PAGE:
Look: this is where the ghosts live.
Step over the rusted iron rails and the creosoted ties. Cross the field of cracked cement; thread my way through corroded housings of forgotten machines. People worked here once. Now, under the stars, far from the streetlights, it is quiet.
Only the chittering of panicked ghosts, scrambling away from my footsteps.
Say: don't be afraid, ghosts. I have brought you something.
Sit down on the old split concrete. Open my pack. Take out my offering bowl. The ghosts come, trembling, sniffing, wary.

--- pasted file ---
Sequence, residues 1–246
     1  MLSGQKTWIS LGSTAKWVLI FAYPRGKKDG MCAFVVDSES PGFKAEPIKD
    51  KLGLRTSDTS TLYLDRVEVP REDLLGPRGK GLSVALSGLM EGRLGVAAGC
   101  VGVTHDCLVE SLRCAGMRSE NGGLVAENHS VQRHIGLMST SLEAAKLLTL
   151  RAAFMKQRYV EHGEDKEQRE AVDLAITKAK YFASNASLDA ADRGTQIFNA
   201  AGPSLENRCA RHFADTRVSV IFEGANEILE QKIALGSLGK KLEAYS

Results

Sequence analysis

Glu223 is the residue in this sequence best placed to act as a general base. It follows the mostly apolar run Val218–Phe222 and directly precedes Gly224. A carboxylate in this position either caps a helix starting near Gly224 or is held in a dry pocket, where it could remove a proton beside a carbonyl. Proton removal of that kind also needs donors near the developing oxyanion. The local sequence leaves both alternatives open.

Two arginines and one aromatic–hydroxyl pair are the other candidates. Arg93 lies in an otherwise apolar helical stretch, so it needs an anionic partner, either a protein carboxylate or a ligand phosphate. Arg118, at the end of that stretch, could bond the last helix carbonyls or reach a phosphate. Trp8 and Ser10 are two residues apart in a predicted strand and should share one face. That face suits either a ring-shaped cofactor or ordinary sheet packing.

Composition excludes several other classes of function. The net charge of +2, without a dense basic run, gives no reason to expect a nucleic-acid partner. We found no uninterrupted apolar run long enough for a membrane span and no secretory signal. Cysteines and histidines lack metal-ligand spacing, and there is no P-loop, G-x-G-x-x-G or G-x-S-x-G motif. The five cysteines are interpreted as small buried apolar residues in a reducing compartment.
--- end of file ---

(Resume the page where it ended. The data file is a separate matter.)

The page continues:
Pour out water, just a bowlful. More would be useless. The ghosts drink, lapping water with their tiny tongues. Such little ghosts. Even a bowlful is far too much: they can't finish it, though they crowd desperately to the brim, terrified, in death as in life, that there won't be enough.
The rumble of a diesel engine starting, though the sky is still living black, and the stars bright enough to cast shadows. No trace of dawn there. But the ghosts scatter. In moments they are gone.
Pour out the rest of the water, dark on the dusty, pale cement.
Say: I will come again. As long as you are here, I will come.
Can they listen? No one knows.